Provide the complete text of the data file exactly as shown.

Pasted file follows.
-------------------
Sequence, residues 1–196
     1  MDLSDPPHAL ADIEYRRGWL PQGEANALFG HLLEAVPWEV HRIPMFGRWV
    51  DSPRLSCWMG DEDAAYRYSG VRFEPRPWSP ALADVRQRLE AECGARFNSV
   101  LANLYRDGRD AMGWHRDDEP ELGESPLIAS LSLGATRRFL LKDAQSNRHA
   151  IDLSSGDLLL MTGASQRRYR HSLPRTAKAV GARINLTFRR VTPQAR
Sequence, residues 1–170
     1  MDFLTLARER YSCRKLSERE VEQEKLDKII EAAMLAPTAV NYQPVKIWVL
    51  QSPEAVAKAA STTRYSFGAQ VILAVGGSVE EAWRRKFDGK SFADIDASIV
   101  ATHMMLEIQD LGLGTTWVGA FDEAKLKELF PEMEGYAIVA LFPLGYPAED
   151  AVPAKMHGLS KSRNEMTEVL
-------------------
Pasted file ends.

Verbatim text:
Sequence, residues 1–196
     1  MDLSDPPHAL ADIEYRRGWL PQGEANALFG HLLEAVPWEV HRIPMFGRWV
    51  DSPRLSCWMG DEDAAYRYSG VRFEPRPWSP ALADVRQRLE AECGARFNSV
   101  LANLYRDGRD AMGWHRDDEP ELGESPLIAS LSLGATRRFL LKDAQSNRHA
   151  IDLSSGDLLL MTGASQRRYR HSLPRTAKAV GARINLTFRR VTPQAR
Sequence, residues 1–170
     1  MDFLTLARER YSCRKLSERE VEQEKLDKII EAAMLAPTAV NYQPVKIWVL
    51  QSPEAVAKAA STTRYSFGAQ VILAVGGSVE EAWRRKFDGK SFADIDASIV
   101  ATHMMLEIQD LGLGTTWVGA FDEAKLKELF PEMEGYAIVA LFPLGYPAED
   151  AVPAKMHGLS KSRNEMTEVL